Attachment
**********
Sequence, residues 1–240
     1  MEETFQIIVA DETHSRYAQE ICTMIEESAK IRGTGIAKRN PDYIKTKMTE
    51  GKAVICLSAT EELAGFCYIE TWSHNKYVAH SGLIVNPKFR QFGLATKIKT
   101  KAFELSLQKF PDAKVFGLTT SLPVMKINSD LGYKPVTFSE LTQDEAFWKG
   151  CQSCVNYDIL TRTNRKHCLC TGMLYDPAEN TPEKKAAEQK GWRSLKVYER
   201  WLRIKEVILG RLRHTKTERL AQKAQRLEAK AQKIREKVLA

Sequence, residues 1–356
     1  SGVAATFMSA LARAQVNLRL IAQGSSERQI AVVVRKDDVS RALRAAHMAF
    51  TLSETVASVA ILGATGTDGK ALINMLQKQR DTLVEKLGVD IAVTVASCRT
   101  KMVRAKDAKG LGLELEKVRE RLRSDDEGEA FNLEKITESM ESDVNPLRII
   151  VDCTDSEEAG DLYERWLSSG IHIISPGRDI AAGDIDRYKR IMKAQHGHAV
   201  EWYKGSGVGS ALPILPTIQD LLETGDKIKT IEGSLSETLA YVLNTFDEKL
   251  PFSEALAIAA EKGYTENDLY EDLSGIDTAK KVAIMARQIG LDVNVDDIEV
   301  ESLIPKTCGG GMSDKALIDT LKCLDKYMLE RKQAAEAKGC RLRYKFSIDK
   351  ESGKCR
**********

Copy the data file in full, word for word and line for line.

Sequence, residues 1–240
     1  MEETFQIIVA DETHSRYAQE ICTMIEESAK IRGTGIAKRN PDYIKTKMTE
    51  GKAVICLSAT EELAGFCYIE TWSHNKYVAH SGLIVNPKFR QFGLATKIKT
   101  KAFELSLQKF PDAKVFGLTT SLPVMKINSD LGYKPVTFSE LTQDEAFWKG
   151  CQSCVNYDIL TRTNRKHCLC TGMLYDPAEN TPEKKAAEQK GWRSLKVYER
   201  WLRIKEVILG RLRHTKTERL AQKAQRLEAK AQKIREKVLA

Sequence, residues 1–356
     1  SGVAATFMSA LARAQVNLRL IAQGSSERQI AVVVRKDDVS RALRAAHMAF
    51  TLSETVASVA ILGATGTDGK ALINMLQKQR DTLVEKLGVD IAVTVASCRT
   101  KMVRAKDAKG LGLELEKVRE RLRSDDEGEA FNLEKITESM ESDVNPLRII
   151  VDCTDSEEAG DLYERWLSSG IHIISPGRDI AAGDIDRYKR IMKAQHGHAV
   201  EWYKGSGVGS ALPILPTIQD LLETGDKIKT IEGSLSETLA YVLNTFDEKL
   251  PFSEALAIAA EKGYTENDLY EDLSGIDTAK KVAIMARQIG LDVNVDDIEV
   301  ESLIPKTCGG GMSDKALIDT LKCLDKYMLE RKQAAEAKGC RLRYKFSIDK
   351  ESGKCR